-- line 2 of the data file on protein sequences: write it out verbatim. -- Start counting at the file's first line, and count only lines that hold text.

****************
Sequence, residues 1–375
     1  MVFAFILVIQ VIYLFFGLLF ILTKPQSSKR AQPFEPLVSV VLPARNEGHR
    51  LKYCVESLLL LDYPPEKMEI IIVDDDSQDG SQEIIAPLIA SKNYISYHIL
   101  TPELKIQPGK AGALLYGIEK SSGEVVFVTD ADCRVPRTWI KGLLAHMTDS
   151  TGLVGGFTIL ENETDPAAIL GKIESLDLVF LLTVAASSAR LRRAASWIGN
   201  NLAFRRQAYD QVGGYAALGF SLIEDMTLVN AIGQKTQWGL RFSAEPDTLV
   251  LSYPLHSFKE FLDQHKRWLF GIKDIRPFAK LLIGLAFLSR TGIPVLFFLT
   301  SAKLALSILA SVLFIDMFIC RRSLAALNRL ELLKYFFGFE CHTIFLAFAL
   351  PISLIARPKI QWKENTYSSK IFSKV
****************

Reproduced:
     1  MVFAFILVIQ VIYLFFGLLF ILTKPQSSKR AQPFEPLVSV VLPARNEGHR